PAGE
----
You need a friend on the ground
As the economy of Africa continues to grow at a very impressive 6 per cent, according to the International Monetary Fund, in recent years south-south trade has emerged as a driving force behind this expansion.
Trade between Africa, Latin America, India and China has grown rapidly, in particular Brazil’s trade with Sub-Saharan Africa increased between 2000 and 2010 from $2 billion to $12 billion, and is expected to grow in the coming years, says the World Bank. “South-south partnering will play a major role in global knowledge, trade and investments in the coming years,” it says.
Meanwhile exports by African countries to their peers have surged by 32 per cent since the 2008 economic downturn.
South-south trade has become more sophisticated and complex, having “evolved over the past several decades from the simple paradigm of manufacturing a final product in one country and selling it in another, to a world in which products often cross several borders and accrue value addition in multiple international locations before going to market”, according to the International Chamber of Commerce survey Rethinking Trade and Finance 2014.
This exciting new development is largely driven by trade increasing substantially between developing countries, in turn driven mainly by commodities, over the last few years. But such rapid development means that corporates, financial institutions and governments have had to review the way they do business. They’re also having to educate themselves, and look at new ways of managing risk and extracting working capital from their business operations in a cash-conversion cycle.
Africa can be particularly challenging when it comes to risk management because African nations are at different stages of development. A risk management model that works for South Africa, for instance, may not be appropriate for Nigeria or Angola.
“Exporters and manufacturers have to consider country risk, currency risk as well as counterparty credit risk and hence look towards a solution provider that can help them manage these risks. The bank that can do this can add real value for its clients,” says Vinod Madhavan, head of transactional products and services (TPS) in South Africa for Standard Bank, Africa’s largest banking group by assets, which has more than 150 years’ experience of working in the continent.
“The way to assess and underwrite risk effectively is to know the corporate well. But you also need to be present in the market and have local expertise on the ground. There’s no substitute for this and we find that companies, especially those who might be new to doing business in Africa, really appreciate this.”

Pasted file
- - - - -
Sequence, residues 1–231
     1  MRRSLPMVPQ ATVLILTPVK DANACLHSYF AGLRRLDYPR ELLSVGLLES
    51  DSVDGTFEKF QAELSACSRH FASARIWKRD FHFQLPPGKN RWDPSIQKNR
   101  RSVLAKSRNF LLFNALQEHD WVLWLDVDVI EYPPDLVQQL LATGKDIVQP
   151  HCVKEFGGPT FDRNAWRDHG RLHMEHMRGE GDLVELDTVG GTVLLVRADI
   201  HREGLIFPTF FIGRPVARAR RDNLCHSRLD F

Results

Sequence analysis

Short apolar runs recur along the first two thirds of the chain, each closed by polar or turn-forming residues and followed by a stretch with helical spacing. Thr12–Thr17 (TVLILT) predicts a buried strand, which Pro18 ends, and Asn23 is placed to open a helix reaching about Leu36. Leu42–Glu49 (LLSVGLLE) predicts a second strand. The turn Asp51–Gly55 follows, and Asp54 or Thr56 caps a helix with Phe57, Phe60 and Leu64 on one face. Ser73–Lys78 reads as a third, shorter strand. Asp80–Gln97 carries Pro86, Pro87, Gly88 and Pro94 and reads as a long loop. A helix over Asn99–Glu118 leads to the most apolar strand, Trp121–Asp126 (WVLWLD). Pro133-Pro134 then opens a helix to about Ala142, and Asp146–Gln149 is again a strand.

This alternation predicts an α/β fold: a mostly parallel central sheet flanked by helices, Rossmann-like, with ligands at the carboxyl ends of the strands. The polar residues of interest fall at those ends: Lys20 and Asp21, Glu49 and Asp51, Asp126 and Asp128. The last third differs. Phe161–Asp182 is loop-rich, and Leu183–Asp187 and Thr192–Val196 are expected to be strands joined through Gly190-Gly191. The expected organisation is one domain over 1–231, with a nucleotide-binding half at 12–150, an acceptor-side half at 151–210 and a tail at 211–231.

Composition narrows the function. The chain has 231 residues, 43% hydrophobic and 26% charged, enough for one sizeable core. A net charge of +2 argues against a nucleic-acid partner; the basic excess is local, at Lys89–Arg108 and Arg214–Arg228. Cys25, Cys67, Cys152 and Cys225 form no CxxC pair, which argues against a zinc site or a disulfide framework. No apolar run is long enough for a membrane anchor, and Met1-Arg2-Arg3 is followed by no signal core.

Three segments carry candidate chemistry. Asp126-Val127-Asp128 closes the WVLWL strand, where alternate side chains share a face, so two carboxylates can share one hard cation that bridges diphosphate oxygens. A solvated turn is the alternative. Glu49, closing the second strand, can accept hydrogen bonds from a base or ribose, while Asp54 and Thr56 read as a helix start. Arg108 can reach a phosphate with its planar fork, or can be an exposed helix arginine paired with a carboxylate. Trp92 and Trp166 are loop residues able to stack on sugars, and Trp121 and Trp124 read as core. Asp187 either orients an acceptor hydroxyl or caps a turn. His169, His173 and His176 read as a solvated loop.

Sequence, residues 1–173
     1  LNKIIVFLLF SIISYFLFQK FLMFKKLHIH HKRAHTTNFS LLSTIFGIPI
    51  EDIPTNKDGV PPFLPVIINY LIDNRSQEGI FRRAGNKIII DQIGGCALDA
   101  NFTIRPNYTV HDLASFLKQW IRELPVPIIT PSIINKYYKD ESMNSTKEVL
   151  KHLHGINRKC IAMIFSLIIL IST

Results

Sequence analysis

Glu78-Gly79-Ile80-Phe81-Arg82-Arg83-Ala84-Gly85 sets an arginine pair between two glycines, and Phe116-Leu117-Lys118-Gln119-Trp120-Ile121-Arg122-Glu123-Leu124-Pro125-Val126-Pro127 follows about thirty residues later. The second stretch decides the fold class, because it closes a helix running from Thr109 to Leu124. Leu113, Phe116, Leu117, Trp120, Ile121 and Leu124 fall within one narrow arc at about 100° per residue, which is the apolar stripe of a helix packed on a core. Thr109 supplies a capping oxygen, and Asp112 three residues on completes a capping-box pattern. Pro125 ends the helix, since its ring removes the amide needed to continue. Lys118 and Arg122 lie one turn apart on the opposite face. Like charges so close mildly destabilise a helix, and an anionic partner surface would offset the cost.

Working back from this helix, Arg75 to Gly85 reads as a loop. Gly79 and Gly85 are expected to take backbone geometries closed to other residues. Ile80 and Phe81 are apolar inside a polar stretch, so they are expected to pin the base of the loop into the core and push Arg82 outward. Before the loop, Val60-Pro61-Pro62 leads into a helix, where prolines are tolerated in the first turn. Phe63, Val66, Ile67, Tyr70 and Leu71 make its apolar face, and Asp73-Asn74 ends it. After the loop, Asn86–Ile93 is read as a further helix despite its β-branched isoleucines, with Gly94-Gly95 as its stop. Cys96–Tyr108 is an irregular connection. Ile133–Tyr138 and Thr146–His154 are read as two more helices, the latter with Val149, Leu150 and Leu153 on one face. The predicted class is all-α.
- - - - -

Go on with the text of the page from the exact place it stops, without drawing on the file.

These are issues that Standard Bank Group has been able to help an increasing number of corporates and financial institutions to handle, thanks to its experience and its strong presence in African countries, led by its network of more than 1,200 branches.
We can offer our clients advice based on a deep understanding of the market and of the country, and on reliable information from a variety of sources
Hasan Khan, head of sales and head of Africa for Standard Bank’s TPS business, points out that when Ghana experienced balance of payments difficulties earlier this year, Standard Bank was able to take a longer, more strategic view than many other banks, looking at the longer-term economic cycle and adopting a more considered view of the risk there. He puts this down to Standard Bank’s deep level of market understanding, and its close working partnerships with clients and regulators.
“We work with stakeholders and regulators on the ground in-country rather than trying to do it remotely,” says Neil Surgey, global head of TPS for Standard Bank. “This approach and the fact that Standard Bank has been around for over a century and a half, gives us legitimacy, built over the years, by partnering with our clients.
“The clients appreciate the fact that we’ve been working with stakeholders, industry participants and regulators in a number of situations, ranging from market infrastructure developments to banking crises. This means that we can offer our clients advice based on a deep understanding of the market and of the country, and on reliable information from a variety of sources.”
Alongside risk management, another important issue for corporates and financial institutions is working capital financing. This is particularly relevant as a key trend in cross-border trade, given the sharp growth of intra-Africa trade, especially over the last 12 to 18 months.
Previously companies exporting to markets in Africa, felt obliged to obtain confirmation of their letters of credit from countries such as the UK and United Arab Emirates, before exporting or executing on the trade, but now they are getting confirmation from a tier-one bank in South Africa. This is more commonplace as companies develop relationships and start getting comfortable with their counterparties.
“Because Standard Bank is present in all these markets, we have an understanding of the supply chain of the client,” says Mr Madhavan. “It’s very likely that a client’s suppliers and distributors are also banking with us, so we have an overview of the total supply chain network. Clients find that because of this, we’re more likely to be able to meet their working capital financing needs.
“As always, when you’re trading in Africa, it’s about having a trusted bank with a really strong presence on the ground.”